In addition to resurgent growth in shale plays such as the Permian, we're forecasting continued growth in the deepwater Gulf through 2020. The region currently supplies 15% of daily U.S. oil production, more than the Eagle Ford or Bakken, and is expected to remain just as relevant by 2020. Considering the region's significant role in the U.S. supply and demand balance, do deepwater project economics support the investment levels needed to achieve growth despite long-term pricing uncertainties?
As shown below, deepwater production has been on the upswing since 2013, increasing from 948 to 1,296 Mb/d and accounting for a larger share of total Gulf production due to declines in shallow water production. BTU defines deepwater as the Gulf's eight OPDs, or Official Protraction Diagrams: Alaminos Canyon, De Soto Canyon, East Breaks, Garden Banks, Green Canyon, Keathley Canyon, Mississippi Canyon, and Walker Ridge.
In a previous post, we described how large projects continued to receive FIDs and come online through the downturn due to the deepwater industry's longer lead times and massive fixed investments. This production momentum proved more immune to short-term prices than faster turnaround shale projects, with 2016 seeing 467 Mb/d of deepwater capacity added. As shown in the map below, BP (NYSE: BP), Shell (NYSE: RDS.A) (NYSE:RDS.B), Anadarko (NYSE: APC), and privately held LLOG Exploration drilled most deepwater wells in 2016, with activity focused in Mississippi Canyon.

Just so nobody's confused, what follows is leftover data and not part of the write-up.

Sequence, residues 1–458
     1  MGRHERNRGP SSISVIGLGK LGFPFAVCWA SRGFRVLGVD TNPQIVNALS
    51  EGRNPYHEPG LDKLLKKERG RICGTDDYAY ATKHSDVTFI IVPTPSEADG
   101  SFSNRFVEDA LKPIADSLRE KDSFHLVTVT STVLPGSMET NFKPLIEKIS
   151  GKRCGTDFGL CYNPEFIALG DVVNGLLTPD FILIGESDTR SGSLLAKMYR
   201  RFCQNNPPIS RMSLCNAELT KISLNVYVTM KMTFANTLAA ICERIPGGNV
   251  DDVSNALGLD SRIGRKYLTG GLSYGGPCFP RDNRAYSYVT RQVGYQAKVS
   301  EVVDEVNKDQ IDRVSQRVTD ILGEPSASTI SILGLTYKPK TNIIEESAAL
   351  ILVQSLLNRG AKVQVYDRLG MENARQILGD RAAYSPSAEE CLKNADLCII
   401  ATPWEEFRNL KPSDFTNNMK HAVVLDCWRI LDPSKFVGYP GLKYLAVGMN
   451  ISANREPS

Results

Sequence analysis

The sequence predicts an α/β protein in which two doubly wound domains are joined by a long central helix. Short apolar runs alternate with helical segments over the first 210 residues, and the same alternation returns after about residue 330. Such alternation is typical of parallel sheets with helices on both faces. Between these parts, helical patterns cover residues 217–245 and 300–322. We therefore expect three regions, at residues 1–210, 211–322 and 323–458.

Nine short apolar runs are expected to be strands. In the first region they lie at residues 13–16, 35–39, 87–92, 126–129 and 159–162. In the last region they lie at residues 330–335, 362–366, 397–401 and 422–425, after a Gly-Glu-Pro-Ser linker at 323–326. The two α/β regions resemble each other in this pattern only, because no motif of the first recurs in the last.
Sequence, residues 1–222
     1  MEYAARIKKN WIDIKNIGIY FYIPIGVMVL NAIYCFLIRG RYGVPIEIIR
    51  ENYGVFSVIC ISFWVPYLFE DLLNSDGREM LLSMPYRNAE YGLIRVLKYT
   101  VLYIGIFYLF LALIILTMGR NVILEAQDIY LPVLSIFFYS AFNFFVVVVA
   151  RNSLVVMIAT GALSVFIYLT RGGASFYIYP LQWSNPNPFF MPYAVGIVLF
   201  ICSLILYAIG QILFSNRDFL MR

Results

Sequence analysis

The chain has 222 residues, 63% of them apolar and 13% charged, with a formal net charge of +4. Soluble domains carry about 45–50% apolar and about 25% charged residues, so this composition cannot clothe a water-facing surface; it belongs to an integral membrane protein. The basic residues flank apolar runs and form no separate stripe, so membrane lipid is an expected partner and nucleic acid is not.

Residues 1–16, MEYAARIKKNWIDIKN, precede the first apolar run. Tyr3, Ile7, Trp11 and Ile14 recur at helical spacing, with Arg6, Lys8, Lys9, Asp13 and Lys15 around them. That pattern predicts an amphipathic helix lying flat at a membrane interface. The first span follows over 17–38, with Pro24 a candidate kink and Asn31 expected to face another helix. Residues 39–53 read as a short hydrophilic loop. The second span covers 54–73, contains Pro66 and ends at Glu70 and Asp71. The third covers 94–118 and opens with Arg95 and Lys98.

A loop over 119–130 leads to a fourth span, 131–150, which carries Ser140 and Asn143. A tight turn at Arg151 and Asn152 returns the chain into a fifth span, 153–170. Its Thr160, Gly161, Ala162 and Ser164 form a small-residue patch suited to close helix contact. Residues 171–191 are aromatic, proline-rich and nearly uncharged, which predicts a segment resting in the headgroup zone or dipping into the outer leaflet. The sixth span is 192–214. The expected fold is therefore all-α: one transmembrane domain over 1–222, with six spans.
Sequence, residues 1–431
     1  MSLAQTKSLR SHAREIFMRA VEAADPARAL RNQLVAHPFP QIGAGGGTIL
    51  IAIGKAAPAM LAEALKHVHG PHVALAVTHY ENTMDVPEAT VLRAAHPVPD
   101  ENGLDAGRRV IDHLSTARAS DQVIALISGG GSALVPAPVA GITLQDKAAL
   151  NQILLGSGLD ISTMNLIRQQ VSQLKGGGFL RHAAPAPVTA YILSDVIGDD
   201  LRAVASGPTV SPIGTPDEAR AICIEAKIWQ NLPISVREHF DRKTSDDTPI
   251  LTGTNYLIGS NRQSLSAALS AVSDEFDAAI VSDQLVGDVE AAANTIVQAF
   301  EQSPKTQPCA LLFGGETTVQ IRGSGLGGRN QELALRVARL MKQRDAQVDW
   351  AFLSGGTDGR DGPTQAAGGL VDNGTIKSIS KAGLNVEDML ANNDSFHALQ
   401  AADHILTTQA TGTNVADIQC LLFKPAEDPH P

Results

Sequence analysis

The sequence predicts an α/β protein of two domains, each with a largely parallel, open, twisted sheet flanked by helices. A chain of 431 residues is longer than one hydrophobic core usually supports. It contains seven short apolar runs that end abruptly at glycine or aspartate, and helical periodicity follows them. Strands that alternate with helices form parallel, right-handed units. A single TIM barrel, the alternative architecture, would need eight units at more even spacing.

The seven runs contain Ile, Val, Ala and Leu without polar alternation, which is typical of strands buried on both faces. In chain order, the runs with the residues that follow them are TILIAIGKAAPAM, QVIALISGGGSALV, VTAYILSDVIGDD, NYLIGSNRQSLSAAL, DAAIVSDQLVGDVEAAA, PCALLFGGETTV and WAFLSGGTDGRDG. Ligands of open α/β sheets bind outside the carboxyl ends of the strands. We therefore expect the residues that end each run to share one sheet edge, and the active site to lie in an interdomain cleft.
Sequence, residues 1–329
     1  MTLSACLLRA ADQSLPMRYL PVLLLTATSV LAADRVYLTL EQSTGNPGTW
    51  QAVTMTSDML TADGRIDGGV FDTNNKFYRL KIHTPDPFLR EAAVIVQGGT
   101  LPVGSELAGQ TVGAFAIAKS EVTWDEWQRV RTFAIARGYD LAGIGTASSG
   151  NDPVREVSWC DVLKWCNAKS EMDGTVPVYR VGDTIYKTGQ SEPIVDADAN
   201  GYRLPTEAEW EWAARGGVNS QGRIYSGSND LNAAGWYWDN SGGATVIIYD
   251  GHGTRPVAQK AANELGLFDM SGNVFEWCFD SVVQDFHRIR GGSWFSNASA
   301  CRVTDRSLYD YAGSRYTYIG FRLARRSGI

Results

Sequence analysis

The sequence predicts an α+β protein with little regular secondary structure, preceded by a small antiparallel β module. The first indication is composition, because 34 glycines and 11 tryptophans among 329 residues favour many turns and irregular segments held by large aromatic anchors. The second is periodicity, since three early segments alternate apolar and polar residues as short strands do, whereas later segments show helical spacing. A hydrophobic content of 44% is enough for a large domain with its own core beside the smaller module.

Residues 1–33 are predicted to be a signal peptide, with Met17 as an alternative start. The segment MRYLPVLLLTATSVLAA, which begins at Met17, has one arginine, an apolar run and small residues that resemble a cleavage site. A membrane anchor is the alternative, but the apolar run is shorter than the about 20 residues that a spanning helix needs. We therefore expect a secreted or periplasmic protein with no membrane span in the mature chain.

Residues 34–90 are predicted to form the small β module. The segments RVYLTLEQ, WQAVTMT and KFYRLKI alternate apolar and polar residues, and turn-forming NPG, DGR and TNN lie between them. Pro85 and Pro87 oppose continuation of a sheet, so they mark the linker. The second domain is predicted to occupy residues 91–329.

With uncertainty still prevalent in the oil price outlook, deepwater operators have recently broadcasted competitive economics for new projects. Shell recently put new project breakevens below $45, including sub-$40 for the Kaikias project, while Anadarko is predicting 75%+ before tax RORs at $55.
To keep fixed costs down, companies are leveraging existing infrastructure by tying wells in new fields back to existing facilities over long distances and shifting from customized to standardized equipment and technologies. Aiding in cost reduction, low drilling activity and overbuilds have depressed contract rates for drilling ships and semi-subs, easing variable costs.
Improving type curves offer additional support to improving producer economics. The charts below show annual oil type curves for selected operators Shell and Anadarko, averaged across their deepwater assets. Recent wells show higher rates than those in 2012 and 2013, resulting in higher EURs and shorter payback periods.
It should be noted that both Shell and Anadarko have recently increased drilling at Walker Ridge and Keathley Canyon, which have historically had higher production profiles than Mississippi Canyon and Green Canyon.
Current trends in U.S deepwater indicate that project economics are improving as companies cut costs, push efficiencies, and funnel investments into their prospects most likely to offer favorable returns. The question is, will it be enough to support increasing Gulf production after investments made during the boom years come online and start to decline?
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I wrote this article myself, and it expresses my own opinions. I am not receiving compensation for it. I have no business relationship with any company whose stock is mentioned in this article.